Sunday, September 13, 2009

Climbing out of the rabbit hole

(internet photo -

Depression is very real. I grew up with people on all sides of the spectrum when it comes to depression. There are those who have experienced it, understand it and know how to deal with it when it happens. There are those who experience it, refuse to acknowledge it, and make the lives of those around them difficult because of it. There are those who hate the stigma of depression so much that they don't want to discuss it. And there are those who don't believe depression is real, say it is "all in their head" or "they are just doing it for attention."

Because of these things, so many people do not want to talk about depression.

I think it is important that we do. So I am. Read on if you wish . . .

My family has a long history with depression. We have had family members who have committed suicide and a large amount who have been diagnosed with some sort of depressive disorder; some who take their medicine and deal with it as they should, and others who only admit their issues when it is convenient for them.

Because of what I went through as a child/teenager/young adult - I am aware of the signs of depression. When I start to feel down, I try and decide what is causing it. Once I've figured out the reason, I try to determine the best way to deal with it. If I cannot make the sad feeling go away - I seek help. I never want to put my family through the things I had to go through. (Which is a much longer story for another time.)

We've had a rough few months. It was not all bad, it was just very hectic and busy, mixed in with some yucky stuff. I dealt with it pretty well for a while - but then I felt myself falling into that deep dark hole. I got cranky with people. I yelled at my kids and my husband when I usually wouldn't. I was mean. And I am not a mean person. Then my chest would feel heavy and I felt like I could not breathe. I knew that I had to do something different.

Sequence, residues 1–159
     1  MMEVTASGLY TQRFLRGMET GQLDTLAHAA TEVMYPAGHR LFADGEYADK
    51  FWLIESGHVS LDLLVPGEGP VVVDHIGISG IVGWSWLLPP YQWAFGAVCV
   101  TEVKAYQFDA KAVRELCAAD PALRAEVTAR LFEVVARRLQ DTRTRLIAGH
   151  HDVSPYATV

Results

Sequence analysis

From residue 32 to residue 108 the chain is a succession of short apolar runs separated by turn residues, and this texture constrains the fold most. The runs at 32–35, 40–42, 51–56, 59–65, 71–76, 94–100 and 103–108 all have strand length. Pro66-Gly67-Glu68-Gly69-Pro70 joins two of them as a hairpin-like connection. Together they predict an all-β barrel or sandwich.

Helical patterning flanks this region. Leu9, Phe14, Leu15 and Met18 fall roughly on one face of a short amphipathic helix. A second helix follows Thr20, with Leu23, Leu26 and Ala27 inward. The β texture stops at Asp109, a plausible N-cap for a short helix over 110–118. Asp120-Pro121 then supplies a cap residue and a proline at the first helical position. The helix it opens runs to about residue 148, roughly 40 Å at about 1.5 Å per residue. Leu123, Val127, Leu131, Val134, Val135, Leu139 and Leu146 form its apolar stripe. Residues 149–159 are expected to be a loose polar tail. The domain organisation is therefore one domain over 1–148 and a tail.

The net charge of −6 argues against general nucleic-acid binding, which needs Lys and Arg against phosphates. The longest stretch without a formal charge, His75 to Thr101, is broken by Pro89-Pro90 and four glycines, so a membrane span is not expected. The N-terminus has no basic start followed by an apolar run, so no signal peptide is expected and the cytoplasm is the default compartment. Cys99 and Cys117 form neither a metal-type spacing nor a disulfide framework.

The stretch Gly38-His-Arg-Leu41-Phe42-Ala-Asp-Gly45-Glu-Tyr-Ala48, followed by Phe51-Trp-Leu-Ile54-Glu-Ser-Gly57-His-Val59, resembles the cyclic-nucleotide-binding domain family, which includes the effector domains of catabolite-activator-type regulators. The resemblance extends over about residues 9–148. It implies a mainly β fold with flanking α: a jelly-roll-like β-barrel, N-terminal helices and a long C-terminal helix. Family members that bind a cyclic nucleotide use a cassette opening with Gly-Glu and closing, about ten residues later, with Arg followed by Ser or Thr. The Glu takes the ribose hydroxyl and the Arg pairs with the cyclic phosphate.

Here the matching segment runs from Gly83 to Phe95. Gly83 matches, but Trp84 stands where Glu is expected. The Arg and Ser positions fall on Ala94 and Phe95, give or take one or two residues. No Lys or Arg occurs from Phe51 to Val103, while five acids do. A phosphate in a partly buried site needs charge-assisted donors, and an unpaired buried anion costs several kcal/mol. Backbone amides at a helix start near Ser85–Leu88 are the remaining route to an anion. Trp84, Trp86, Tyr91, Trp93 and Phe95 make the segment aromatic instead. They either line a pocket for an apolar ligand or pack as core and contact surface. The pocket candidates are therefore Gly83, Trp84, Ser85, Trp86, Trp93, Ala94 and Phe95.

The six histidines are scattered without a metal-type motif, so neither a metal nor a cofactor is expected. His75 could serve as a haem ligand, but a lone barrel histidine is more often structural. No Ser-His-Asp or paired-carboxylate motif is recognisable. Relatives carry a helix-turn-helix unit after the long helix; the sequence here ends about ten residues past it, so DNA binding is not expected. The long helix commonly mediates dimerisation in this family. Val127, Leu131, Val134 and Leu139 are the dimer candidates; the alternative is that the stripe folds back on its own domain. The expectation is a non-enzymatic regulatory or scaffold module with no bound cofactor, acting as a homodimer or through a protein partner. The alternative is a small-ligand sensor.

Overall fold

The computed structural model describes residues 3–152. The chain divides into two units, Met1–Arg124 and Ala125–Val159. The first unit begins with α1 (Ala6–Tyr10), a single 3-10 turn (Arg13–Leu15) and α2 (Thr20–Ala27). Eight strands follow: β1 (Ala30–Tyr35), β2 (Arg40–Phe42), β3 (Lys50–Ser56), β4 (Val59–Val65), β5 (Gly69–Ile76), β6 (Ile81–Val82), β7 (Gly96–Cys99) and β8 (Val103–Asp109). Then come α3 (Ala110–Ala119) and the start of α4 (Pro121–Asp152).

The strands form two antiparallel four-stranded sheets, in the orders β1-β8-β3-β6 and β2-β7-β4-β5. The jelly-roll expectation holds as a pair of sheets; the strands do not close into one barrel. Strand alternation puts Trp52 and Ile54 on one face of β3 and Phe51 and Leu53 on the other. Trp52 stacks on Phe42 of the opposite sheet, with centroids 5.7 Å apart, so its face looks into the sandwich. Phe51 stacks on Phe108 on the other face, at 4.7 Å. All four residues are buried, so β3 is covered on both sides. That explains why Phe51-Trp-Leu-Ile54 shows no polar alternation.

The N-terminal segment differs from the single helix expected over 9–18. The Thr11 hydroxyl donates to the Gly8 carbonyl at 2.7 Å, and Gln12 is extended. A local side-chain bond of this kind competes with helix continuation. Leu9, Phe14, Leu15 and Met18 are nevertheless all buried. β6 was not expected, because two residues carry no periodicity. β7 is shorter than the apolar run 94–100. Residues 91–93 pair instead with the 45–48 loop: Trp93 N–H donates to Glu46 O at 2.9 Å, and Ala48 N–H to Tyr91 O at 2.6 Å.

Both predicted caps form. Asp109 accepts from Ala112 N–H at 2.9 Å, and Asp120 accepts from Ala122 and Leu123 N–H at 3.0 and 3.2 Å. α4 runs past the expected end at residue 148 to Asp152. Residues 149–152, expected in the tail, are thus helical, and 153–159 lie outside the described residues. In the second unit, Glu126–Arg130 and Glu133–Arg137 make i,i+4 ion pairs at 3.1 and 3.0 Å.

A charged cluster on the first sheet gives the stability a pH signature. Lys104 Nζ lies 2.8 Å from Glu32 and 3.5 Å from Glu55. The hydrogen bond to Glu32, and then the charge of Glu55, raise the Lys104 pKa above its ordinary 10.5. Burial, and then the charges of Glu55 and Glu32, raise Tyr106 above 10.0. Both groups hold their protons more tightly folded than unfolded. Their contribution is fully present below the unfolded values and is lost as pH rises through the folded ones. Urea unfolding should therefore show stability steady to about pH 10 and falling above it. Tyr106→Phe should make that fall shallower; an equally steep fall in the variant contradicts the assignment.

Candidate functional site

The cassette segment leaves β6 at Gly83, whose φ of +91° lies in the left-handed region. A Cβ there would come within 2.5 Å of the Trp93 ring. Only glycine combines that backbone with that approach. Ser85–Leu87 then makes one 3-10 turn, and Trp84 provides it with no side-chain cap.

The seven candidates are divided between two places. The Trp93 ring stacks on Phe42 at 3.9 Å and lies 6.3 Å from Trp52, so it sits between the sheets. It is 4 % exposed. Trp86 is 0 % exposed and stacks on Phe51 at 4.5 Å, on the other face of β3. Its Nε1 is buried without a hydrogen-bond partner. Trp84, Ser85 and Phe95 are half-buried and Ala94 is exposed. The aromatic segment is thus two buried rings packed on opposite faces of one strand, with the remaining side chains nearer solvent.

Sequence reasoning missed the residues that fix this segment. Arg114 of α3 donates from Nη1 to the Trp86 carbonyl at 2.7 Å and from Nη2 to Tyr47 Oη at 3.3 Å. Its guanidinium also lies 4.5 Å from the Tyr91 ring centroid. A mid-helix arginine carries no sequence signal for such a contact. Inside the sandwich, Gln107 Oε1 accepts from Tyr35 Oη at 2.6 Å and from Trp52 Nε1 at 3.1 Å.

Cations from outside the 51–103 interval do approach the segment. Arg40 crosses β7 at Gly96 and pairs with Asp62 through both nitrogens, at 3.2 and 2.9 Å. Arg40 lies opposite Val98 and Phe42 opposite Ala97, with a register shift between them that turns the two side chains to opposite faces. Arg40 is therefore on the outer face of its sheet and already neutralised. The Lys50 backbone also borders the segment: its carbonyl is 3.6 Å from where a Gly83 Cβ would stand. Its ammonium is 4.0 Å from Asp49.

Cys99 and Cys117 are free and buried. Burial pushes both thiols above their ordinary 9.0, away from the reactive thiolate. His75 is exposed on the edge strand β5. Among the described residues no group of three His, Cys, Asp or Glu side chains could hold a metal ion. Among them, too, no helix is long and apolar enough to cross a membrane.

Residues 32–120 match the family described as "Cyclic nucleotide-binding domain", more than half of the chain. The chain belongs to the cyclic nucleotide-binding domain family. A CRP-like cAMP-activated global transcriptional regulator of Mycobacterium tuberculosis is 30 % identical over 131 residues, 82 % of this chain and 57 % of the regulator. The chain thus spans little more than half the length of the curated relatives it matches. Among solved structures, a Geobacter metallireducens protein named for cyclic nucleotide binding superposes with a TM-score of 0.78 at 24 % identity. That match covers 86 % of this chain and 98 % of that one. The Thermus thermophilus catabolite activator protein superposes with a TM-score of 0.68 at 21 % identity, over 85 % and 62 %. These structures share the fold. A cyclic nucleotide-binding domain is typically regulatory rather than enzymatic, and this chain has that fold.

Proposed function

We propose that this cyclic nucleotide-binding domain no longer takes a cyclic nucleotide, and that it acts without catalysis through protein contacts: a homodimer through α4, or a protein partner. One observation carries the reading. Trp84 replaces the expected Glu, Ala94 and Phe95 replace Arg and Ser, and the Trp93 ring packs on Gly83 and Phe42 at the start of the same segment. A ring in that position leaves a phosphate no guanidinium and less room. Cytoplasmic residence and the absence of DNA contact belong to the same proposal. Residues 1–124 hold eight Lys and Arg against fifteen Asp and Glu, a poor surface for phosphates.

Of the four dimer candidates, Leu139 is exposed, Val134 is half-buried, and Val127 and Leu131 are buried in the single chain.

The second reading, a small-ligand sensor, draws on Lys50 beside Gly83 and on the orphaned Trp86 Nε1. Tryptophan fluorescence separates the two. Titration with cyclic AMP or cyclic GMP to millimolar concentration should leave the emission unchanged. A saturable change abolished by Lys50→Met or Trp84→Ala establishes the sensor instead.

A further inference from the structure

I'm not afraid to admit when I need help. I went to the doctor and got some "happy pills" to get me through the rough spot. I have mixed emotions about using medication. The last time I had to use medication for depression - the medicine made me feel like I didn't care - about anything. I wasn't happy, I wasn't sad - I just existed. I hated that. I HAVE TO FEEL. I am an emotional person, and that is just who I am. I don't want to change who I am - I just don't want to live in the darkness.

The other thing that is an issue with anti-depression medication is that it often causes you to gain weight. Well THAT would just cause me to be even MORE depressed, so how would that help?

The good thing: I have an awesome family doctor. I expressed all of these things to her and she was able to find something to help me that did not cause weight gain and that worked quickly. After only a few days - I started to see the light of the outside world again. My meanness subsided and I was able to smile. And I was thankful.

I honestly believe that everyone deals with depression at one time or another. The important thing is to find someone to talk to about it. Don't let it run your life and don't let it turn you into a victim. You can make it through it and come out a better person on the other side. Don't be ashamed. The only reason to be ashamed is if you refuse to deal with it and cause others to suffer along with you.

"People make mistakes,
Fathers, mothers,
People make mistakes
Holding to their own,
Thinking they're alone.

Honor their mistakes
Everybody makes
one another's terrible mistakes.
Witches can be right,
Giants can be good.
You decide what's right
You decide what's good.

Just remember . . .

Someone is on your side.
Someone else is not.
While you're seeing your side
maybe you forgot:
They are not alone.

No one is alone.

Hard to see the light now
Just don't let it go.
Things will come out right now
We can make it so.

Someone is on your side

No one is alone."

-Into the Woods


Wengergal said...

Hey girl. You were on my mind earlier this week. I can sooooo relate to your post. The last 10 months have been a rough one. Every few days I kept thinking things would turn around and I would see the light. Hang in there.
Love you.

Barry Pike said...

Very well said. And you couldn't be more right. It's the people that simply refuse to understand it that mystify me.

I really have come to appreciate those billboards that say "If someone you love has diabetes, you wouldn't just tell them to 'get over it'" (paraphrased).

Tony and Rett said...

Beth, my friend. I love your honesty. I wish I had some inkling...I would have been on my knees for you.

I'm in a funk right now...your post makes me think. Thank you.

JenN said...

As a member of your family you KNOW I know what you're going through. I know medication can be scary, but I have found that it's a fear we have to face sometimes and I'm glad you found something that works for you. Please don't ever be afraid to call or email if you need to talk. Sometimes it's nice to have someone that's been there. Love you.